There’s the ideal home. Then there are the homes in which we actually live.
The discrepancy between the two is the topic of a new report from the Demand Institute on what it calls the housing satisfaction gap. More than 10,000 households—including renters and owners—participated in a survey about their current homes and their ideal ones. The Demand Institute is a non-profit organization run by the Conference Board and Nielsen.
Overall, people are generally satisfied with their homes, but there are some desires—both discretionary and non-discretionary—holding people back from being completely happy with where they live, said Jeremy Burbank, vice president of the Demand Institute.
The following are Americans’ top 10 housing desires that, for some, aren’t being met.
1. Energy efficiency
Perhaps because the desire to save money on rising energy costs is so universal, energy efficiency has the highest satisfaction gap in the report. While 71% of respondents said they thought a home’s energy efficiency was important, 35% of those people said they were satisfied with their current home’s energy efficiency (a satisfaction gap of 36%), according to the report.
“The increase in the cost of energy has become increasingly burdensome on households,” and there’s accompanying awareness and concern about the environment, Burbank said. Average household spending on home electricity has grown 56% since 2000, according to the report.
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2. A renovated home
Sixty-seven percent said a home that requires little or no renovations or improvements is important, while 41% of those people said they are satisfied with their homes (a gap of 26%). The top five major home improvement jobs consumers are likely to do in the next three years: paint walls, replace flooring, remodel a bathroom, remodel the kitchen and replace windows and/or doors.
See: A not-so-sexy home-improvement project with real benefits.
3. Updated kitchens and finishes
Sixty-two percent said an updated kitchen with modern appliances and fixtures is important, while 38% said they were satisfied with their current home (a gap of 24%). This feature may be more important than in past years, as people report cooking and eating at home more now, compared with five years ago, according to the report.
4. Age-in-place features
Between now and 2020, the number of households headed by a person 65 and older is expected to grow 10 times faster than other households, according to the report. No surprise then that 76% of participants said that it’s important to live in a home that they can stay in as they get older. But only 53% of those people are satisfied with their current home on this front (a gap of 23%).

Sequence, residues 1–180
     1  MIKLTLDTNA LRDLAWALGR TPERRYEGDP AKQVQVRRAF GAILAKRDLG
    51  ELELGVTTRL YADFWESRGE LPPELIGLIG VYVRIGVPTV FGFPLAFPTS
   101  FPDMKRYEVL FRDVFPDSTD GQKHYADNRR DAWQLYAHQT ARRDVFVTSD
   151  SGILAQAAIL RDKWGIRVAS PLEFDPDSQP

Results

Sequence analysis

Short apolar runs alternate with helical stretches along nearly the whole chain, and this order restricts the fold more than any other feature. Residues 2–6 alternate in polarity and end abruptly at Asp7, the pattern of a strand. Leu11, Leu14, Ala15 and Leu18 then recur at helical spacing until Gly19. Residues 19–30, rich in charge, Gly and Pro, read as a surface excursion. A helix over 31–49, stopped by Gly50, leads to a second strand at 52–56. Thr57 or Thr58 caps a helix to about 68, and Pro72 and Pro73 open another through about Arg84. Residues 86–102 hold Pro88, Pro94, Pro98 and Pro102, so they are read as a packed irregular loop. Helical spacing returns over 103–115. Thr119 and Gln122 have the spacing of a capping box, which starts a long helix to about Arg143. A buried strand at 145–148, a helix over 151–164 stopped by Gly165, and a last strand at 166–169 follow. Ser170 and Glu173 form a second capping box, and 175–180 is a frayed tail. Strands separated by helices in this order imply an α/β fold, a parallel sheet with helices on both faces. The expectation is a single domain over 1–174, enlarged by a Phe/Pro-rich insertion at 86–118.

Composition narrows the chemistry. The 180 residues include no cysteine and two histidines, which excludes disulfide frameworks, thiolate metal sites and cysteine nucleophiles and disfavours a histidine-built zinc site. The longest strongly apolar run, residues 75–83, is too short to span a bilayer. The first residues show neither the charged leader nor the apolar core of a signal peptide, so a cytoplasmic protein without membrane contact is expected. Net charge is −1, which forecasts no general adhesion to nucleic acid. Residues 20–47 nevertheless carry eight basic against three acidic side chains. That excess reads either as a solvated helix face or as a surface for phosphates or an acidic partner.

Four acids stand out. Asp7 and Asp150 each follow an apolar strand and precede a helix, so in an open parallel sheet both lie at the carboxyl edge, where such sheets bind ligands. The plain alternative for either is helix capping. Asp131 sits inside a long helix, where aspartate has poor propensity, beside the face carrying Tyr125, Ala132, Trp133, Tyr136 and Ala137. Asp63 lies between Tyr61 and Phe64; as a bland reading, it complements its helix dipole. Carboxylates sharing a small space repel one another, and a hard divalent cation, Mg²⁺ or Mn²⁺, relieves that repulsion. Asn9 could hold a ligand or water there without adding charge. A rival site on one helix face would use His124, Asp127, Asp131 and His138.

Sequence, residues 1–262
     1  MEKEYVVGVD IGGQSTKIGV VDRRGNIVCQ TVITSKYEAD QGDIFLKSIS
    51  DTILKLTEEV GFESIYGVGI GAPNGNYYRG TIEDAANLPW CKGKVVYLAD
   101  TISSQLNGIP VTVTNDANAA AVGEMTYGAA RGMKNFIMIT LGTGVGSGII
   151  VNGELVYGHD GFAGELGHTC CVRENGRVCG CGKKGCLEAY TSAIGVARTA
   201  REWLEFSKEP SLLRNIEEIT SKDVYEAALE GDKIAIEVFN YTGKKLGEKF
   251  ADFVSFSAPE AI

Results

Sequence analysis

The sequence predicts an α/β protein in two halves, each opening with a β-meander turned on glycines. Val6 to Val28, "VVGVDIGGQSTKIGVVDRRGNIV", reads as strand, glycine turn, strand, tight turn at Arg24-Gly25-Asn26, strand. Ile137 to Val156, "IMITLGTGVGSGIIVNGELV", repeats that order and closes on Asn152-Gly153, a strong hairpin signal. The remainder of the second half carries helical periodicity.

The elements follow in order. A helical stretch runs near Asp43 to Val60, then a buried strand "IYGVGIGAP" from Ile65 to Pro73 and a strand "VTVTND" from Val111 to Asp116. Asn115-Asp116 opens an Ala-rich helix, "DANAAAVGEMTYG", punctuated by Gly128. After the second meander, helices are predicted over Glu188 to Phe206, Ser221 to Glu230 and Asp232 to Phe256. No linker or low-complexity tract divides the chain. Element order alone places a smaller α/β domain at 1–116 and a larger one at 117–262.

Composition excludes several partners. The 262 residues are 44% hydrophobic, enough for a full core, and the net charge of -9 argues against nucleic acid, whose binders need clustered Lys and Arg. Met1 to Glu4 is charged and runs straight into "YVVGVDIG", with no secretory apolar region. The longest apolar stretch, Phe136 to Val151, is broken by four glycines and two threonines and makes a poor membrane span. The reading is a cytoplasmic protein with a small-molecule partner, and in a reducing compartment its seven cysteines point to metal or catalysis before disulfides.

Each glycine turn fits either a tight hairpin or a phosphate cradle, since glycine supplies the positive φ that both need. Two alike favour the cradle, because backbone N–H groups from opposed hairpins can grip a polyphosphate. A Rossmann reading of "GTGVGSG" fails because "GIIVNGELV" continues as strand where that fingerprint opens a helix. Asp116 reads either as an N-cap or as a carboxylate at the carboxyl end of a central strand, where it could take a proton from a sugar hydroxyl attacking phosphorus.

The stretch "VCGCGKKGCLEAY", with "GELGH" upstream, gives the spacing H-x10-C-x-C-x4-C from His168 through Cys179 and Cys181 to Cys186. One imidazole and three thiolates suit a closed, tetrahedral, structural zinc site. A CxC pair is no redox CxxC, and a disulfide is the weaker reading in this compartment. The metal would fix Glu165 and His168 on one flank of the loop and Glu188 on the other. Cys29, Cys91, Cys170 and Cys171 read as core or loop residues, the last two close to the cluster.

See: The financial costs of aging in place.
5. Safe communities
Eighty-three percent of those surveyed said that living in a safe neighborhood with low crime is important, but 61% said they’re satisfied with the safety of the area in which they’re currently living (a gap of 22%). Another telling statistic: More than one in five households report that their neighborhoods have become less safe in recent years—in urban as well as non-urban areas, according to the report.
Eighty-one percent of those surveyed said that it’s important that a home’s cost fits in their budget, without requiring sacrifices, but 60% said they’re satisfied with their current home in this regard (a gap of 21%). Nearly 40 million households in the country spend 30% or more of their income on housing expenses. Housing affordability is getting worse for renters in particular, Burbank said.
Sixty-three percent said they think it’s important that a home offers a lot of privacy from their neighbors, but only 42% said they’re happy with the privacy of their current home (a gap of 21%). This may be growing in importance because people are at home more often: 54% said they are spending more time at home these days, and 9% said they are spending less.
8. More space
Americans have a lot of stuff, and they need ample space for it. Nearly half of households have two or more refrigerators or freezers, and 48% have three or more TVs. Fifty-five percent of survey respondents said they think a home with a lot of storage space is important, while 35% are happy with their own home’s storage (a 20% gap).
9. Responsive landlords
Forty-seven percent said that a landlord who is responsive to maintenance requests is important, and 28% are satisfied with their current situation (a 19% gap). Some of the most difficult homes for landlords to manage are single-family home rentals, which have grown substantially in number—there are 27% more single-family rentals today than in 2006, according to the report.
10. A good investment
Sixty-five percent said that they think it’s important a home be a good long-term investment, while 47% said they were satisfied that their current home was a good long-term investment (an 18% gap). Still, “despite the dramatic drop in home prices between 2007 and 2012, Americans still overwhelmingly think that homeownership is an excellent investment,” Burbank said.